[MUD-Dev] Re: Levels (was: Administrative notes)

Adam Wiggins nightfall at user1.inficad.com
Tue May 27 23:42:24 New Zealand Standard Time 1997

[Nathan Y:]
> On Sun, 25 May 1997, Adam Wiggins wrote:
> :[Chris L:]
> :> In which case a better definition for your IQ stat might be,
> :> "Perceptive ability", no?
> :We have a stat, "perception", which is used heavily (possibly more than
> :any other stat, although the things it affects tend to be less earthshatterin
> :than the other stats).  Most of the people I know that are stunningly
> :intelligent are also about as perceptive as a deaf horse wearing blinders.
> :
> :Perception == awareness of surroundings
> :Intelligence == speed of learning new concepts
> I have three "learning curve" stats... reasoning, repition, and rapidness.
> Between the three, they fill what you have for intelligence. Perception is
> broken into each sense, detail orientation, recall, suspicion (which
> affects several other things, and would, for example, have told you right
> away that the kid had stolen your wallet, and probably allowed you to grab

Just a quick comment on these...although we don't order them in the
same way, we have pretty much all this stuff, and it's great.  They are simple
numbers, but they allow you to do so *much* more with things like drugs,
magical effects, and so on - you can affect more than just strength +2 or
int -4.

Let's see...I'd say our perception covers your sense and detail orientation.
Recall is covered by wisdom (probably a bad name, but I've yet to think
of a more appropriate one).  Suspicion is based on paranoia, which is actually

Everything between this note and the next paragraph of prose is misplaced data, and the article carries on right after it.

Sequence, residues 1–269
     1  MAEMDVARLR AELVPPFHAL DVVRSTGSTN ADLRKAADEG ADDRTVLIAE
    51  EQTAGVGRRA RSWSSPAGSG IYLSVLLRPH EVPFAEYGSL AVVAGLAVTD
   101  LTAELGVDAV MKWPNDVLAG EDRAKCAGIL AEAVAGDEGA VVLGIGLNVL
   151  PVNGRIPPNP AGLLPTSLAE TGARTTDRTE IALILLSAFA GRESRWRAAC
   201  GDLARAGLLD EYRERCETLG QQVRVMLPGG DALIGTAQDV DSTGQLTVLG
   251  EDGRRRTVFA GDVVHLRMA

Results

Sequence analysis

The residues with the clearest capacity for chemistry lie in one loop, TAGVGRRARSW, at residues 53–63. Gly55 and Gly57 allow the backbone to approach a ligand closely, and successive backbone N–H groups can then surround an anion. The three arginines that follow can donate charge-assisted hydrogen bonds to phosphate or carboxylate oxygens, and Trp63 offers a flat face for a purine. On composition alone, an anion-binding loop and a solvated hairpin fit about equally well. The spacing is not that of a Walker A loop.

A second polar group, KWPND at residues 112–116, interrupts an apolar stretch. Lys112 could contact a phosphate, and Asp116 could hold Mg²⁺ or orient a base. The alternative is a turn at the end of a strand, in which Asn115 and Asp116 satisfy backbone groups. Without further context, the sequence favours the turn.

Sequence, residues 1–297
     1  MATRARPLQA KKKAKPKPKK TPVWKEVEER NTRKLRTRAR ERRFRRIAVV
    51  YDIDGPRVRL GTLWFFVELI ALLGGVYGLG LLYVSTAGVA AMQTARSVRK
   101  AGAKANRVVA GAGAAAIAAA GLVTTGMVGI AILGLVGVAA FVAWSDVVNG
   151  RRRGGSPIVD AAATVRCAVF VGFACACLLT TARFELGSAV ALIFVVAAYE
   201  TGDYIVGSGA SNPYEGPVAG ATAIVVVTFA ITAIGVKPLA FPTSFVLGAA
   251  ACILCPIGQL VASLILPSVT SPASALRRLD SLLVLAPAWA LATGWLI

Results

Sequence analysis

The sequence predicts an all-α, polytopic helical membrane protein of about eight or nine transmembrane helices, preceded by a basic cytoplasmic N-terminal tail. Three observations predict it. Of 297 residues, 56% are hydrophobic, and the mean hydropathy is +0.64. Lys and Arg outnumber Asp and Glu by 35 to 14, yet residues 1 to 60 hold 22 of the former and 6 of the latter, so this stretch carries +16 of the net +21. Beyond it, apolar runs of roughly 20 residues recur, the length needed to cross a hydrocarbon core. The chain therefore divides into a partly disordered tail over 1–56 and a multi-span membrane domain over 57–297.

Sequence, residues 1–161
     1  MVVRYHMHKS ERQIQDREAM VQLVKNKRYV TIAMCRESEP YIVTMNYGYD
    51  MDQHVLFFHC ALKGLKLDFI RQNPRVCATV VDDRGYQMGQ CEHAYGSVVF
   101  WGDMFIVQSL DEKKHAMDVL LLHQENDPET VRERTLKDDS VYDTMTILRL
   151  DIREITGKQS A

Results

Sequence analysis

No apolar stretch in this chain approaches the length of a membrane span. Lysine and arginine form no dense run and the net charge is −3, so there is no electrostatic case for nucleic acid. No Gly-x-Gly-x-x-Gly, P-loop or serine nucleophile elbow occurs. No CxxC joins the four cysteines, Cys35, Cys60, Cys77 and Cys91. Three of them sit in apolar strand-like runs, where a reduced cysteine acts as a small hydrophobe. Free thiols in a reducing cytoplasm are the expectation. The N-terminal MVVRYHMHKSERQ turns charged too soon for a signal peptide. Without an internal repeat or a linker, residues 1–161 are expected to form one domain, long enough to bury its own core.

two values - a player set value, along the lines of:

> paranoia of touch to high
Okay, you're now pretty paranoid of people touching you.
Bubba tries to hug you, but you recoil backwards before he manages to come
into contact with you!
> paranoia of touch nonexistant
Boffa the disease-ridden Troll arrives from the north.
Boffa hugs you, rubbing his sore-encrusted arms all over you.

This is handy because of communicable disease and thievary (which is mainly
done via socials, although sometimes also in crowded rooms since people
frequently bump into each other while moving around).

There's also paranoia of attack (when you draw your weapon and assume battle
stance, etc), paranoia of senses (if you're very paranoid you'll be more
likely to hear someone sneaking by, but on the other hand you may also
get "You hear a branch snap" or "The hair on the back of your neck stands
up" even when nothing is happening..), and so forth.  Finally, there is
a paranoia value independant of the one that the user sets, which is
modified mainly by drugs.  Eat some of those strange mushrooms and
you'll be encountering hallucinations.  (This one is inspired by the time
I watched some guy run around a mud for over an hour convinced he was
being chased by a huge purple dragon.  Eventually he realized that the
dragon had shown up not too long after he had decided to kick his (online)
drug habbit...)

Oh, we also use paranoia as a way to warn people of impending death.  If
some archer is taking aim at you from a some hidden niche, you'll get
messages ala the hair standing up on the back of your neck to warn you
that something's up.

> him, if you had the skills for it.), and a few others. You start to see
> why skills pretty much take care of themselves? The skillnet is weighted
> to stats, which are sympathetic to skills, which... well, its a properly
> weighted two layer neural net with local truncation, if you know what
> that means.

Yeah - skill nets kick ass.  I am continually amazed at the complex situations
our seemingly simple stats and skilltree manages to handle; I think,
"Gee, in this situation, things should happen like this..." but then I
realize that that will happen anyway, thanks to the way skills are
propagated and weighted.  I find myself wondering how people not using
this kind of system ever manage to make anything work, but then I remember -
it looks sort of like this:

  if (...) then
    special case;
  else if (...) then
    other special case;

Heh...self-regulating systems kick ass. :)

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